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Malaysia – Court Nullifies Trade Description Order

In Malaysia a trade mark owner has the possibility of enforcing his rights by way of trade description order wherein an order of court is obtained to declare an infringing brand as false trade description, which allows infringing products to be seized by the authorities and the infringers prosecuted.

However the importance of obtaining an order that is compliant with the law is illustrated by the case of Thye Huat Chan Sdn Bhd v The Shen Trading Sdn Bhd and Teong Fatt Commdities (M) Sdn Bhd [2008] 6 MLJ 99.

In this case the applicant is the registered proprietor of two ABC trade marks, one consisting of the letters ABC arranged in a triangle having a base strip enclosed within two concentric circles and the other consisting of the letters ABC arranged in a triangle but having a base strip shaped like a hull of the boat in respect of tapioca, rice and sago flour.

The applicant then applied ex parte for a trade description order and submitted three photos of the packages of tapioca starch that bore the alleged infringing ABC trade mark.

The court then made an order declaring that the three infringing trade marks that were represented in the photographs as false trade descriptions. Based on the said order, Thye Huat Chan had duly filed the draft order with the Court. However, the order was approved and sealed referring to the get-up instead of the trade mark, and the mistake was not noticed or corrected.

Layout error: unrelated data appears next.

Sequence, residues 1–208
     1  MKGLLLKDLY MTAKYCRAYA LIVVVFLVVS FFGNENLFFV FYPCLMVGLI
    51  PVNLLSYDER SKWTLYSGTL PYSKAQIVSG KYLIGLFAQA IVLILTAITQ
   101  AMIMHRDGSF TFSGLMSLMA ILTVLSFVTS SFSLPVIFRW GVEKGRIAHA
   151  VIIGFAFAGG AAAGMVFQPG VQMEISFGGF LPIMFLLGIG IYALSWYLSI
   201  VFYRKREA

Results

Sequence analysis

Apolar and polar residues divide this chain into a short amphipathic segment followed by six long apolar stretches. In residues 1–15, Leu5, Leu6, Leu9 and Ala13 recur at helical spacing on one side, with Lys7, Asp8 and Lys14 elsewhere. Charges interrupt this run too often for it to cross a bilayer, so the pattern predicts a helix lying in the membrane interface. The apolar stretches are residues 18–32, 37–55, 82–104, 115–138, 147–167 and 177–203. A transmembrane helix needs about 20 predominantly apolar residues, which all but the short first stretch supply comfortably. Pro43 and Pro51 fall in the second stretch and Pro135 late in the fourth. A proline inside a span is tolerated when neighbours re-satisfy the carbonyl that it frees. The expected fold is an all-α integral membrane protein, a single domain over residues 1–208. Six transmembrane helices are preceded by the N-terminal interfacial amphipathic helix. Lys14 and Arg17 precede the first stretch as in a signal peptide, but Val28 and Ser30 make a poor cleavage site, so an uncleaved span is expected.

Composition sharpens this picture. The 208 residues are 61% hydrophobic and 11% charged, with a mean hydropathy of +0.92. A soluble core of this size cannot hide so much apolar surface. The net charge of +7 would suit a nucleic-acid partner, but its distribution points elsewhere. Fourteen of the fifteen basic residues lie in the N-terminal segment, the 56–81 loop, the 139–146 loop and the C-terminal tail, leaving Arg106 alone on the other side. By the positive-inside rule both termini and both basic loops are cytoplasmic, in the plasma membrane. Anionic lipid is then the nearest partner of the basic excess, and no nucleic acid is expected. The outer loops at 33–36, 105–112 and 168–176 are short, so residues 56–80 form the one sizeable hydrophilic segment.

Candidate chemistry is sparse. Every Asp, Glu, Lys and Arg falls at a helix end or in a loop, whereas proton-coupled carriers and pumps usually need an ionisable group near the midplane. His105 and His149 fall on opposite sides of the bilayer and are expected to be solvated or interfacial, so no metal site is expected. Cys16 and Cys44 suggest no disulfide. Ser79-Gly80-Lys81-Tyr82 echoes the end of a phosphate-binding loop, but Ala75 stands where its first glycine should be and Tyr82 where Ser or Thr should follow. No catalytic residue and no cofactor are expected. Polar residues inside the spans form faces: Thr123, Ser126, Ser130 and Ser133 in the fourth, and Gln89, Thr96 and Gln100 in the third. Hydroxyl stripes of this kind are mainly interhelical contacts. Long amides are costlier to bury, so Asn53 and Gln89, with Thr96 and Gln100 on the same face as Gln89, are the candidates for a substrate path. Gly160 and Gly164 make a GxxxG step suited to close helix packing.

Upon a complaint by the applicant the Ministry’s officers seized from the premises of the respondents, sacks of tapioca starch bearing the letters ABC within a triangle. The respondents then applied to have the order set aside.

The court ordered that the order be set aside with costs despite the applicant’s suggestion that it should be amended. The Court decided that in view of the fact that a get-up and a trade mark are entirely different, the fact that the order that was extracted and acted upon was not the same as the order that was ordered by the court would mean that the extracted order had no basis of existence. The court was not in favour of amending the order, giving it retrospective effect, which should not be the case where there is criminal liability. Secondly, a trade description order needs to verbally identify an infringing trade mark and so merely affixing representations of the alleged infringing trade mark would be bad in law and grounds for it to be set aside.

Therefore, care has to be taken to ensure that a trade description order is correctly issued and contains a verbal description of the infringing mark.